With the exception of last episode’s cliffhanger, Mad Hatter kept his presence to a minimum. Going into this season, I wouldn’t have expected to be clamoring for his presence each and every week. Somehow, Mad Hatter has become my favorite guest villain since the pilot introduced Penguin. A revenge-driven Mad Hatter driving Gordon down an emotional highway was exactly the kind of story I was expecting. The resulting hour, while it had a few leaps in logic, provided some surprising depth and even smarts for the main antagonist. Not only that, but the Penguin/Riddler relationship hit a new peak.
While the ultimate choice at the end between Lee and Valeria wasn’t exactly gut wrenching, it was a defining character moment for Gordon. Here is someone who has gone through the emotional ringer, especially compared to the person who’s one day going to don the cape and cowl. Unlike the majority of the episodes, Gordon was not bailed out at the last minute. Mario’s arrival threw me for a loop, but I breathed a sigh of relief when Tetch revealed he took the bullets from Mario’s gun. Bullock and Barnes didn’t arrive to mow down the opposition and save Gordon. Instead, Gordon was forced to choose between his two “lovers.” The end result was a bullet for Valerie (conveniently placed, by the way), even though Gordon insisted that Lee should die. This is something Gordon can’t take back going forward, regardless of whether or not Valerie survives. How will Lee react knowing that she was supposed to bite the not-so-proverbial bullet?
Even though the final confrontation did drag, I liked the interplay between Gordon and Tetch. Gordon even came close to freeing himself, only for Tetch to snap back and refuse to budge. Like Joker in “The Killing Joke,” Tetch sought to drive Gordon mad to illustrate a point. Here, it was a revenge motive, but one that felt warranted. Tetch even came equipped to the teeth with the Alice in Wonderland motif. It was a nice touch to have Gordon look through a lens marked “through the looking glass.” We even got to see Tweedledee and Tweedledum as his subservient henchmen. His transition into his eventual villain persona has been the smoothest and the most believable, particularly compared to characters like Mr. Freeze.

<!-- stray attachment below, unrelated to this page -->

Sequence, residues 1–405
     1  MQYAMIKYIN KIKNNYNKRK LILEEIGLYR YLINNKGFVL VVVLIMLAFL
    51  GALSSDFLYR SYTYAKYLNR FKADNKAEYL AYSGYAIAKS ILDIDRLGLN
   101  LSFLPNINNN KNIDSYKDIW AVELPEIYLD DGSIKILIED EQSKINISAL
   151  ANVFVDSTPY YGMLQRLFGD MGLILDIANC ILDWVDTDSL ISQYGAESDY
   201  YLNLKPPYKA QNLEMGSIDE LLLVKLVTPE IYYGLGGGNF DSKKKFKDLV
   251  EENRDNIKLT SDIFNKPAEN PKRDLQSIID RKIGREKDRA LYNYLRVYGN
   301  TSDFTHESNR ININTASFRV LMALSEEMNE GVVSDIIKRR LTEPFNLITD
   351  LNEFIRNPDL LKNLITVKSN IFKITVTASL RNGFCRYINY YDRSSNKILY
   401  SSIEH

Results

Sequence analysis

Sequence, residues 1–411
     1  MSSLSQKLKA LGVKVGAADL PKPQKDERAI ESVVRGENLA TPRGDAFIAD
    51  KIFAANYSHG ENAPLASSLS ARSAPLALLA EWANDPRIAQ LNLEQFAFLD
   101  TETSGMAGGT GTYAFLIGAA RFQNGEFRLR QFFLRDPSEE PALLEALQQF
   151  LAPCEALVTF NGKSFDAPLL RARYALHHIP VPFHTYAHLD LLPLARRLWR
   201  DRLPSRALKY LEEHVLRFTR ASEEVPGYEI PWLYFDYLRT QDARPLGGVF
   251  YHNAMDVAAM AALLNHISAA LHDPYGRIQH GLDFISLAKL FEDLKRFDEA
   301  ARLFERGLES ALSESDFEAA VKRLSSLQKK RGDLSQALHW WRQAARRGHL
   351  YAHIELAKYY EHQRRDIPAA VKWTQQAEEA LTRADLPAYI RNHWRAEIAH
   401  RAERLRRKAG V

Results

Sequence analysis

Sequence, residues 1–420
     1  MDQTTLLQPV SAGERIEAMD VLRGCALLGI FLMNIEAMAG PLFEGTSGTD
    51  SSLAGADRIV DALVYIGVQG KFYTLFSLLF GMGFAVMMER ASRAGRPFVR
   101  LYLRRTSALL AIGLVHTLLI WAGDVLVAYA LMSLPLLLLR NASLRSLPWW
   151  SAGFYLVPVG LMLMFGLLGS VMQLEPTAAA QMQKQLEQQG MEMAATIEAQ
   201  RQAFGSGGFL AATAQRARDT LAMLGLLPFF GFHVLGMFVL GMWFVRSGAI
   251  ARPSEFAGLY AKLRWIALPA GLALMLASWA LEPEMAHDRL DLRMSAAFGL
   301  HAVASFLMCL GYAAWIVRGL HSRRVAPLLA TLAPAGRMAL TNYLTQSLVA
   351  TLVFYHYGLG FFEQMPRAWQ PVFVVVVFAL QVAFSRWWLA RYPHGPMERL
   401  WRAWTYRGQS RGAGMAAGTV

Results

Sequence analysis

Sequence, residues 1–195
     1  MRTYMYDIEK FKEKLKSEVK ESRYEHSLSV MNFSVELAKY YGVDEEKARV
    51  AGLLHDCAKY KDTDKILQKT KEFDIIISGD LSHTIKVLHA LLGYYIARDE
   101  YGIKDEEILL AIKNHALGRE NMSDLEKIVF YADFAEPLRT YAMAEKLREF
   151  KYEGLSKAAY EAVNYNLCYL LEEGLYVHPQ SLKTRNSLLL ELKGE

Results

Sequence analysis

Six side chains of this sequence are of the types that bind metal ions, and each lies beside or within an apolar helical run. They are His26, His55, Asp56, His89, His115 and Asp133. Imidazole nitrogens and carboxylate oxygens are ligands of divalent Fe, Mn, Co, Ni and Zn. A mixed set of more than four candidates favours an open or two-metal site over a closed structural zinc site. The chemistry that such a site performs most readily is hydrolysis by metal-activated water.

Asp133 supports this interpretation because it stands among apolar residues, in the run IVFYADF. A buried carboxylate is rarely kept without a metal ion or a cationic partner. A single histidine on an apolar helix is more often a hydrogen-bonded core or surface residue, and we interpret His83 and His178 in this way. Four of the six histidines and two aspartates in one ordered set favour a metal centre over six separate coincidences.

Speaking of transitions, I am honestly shocked that the show decided to go all-in on Penguin’s love for Riddler. Last week’s lengthy hug felt like a big tease in a way, a tease that would ultimately never be resolved. It turns out that Penguin does actually feel love beyond a typical friendship. I’m not sure Riddler will take to him in the same way, even though he certainly seems genuine. Given how he manipulated Butch to his near demise last week, the possibility for deception is still prevalent. The arrival of a Ms. Kringle look-alike will probably complicate this subplot going forward. Riddler’s sexuality has never really been addressed since he murdered his ex-girlfriend, but you never know. Be that as it may, Penguin stuttering over his words by himself gave some insight into a layered side of his characterization.
As great as these two subplots were, they didn’t exactly mesh well. One was serious and dire while the other was relatively lighthearted and charming. Gotham still hasn’t quite mastered the art of balancing tones, even though it’s gotten better with balancing all of the characters. Bullock and Barnes weren’t shoehorned in and Bruce was nowhere to be found for the entire runtime. Speaking of Barnes, his exposure to Alice’s blood is a storyline I am completely indifferent to. He’s been relatively expendable as a character, and this feels like an excuse to keep Michael Chiklis around. The show’s had too many characters for quite a while, and it’s time to trim the fat if it wants to make each storyline prominent.
Even though I’m not glistening with anticipation at Barnes’s predicament, it does signal that Gotham is actually planting seeds for the future. Most of this season’s plot lines have been more methodical, albeit still in the heightened world this show inhabits. Mad Hatter’s ploy is still in effect, signaling the confidence the show has in this character. It’s well-warranted and a fantastic interpretation of one of Batman’s lesser-known adversaries.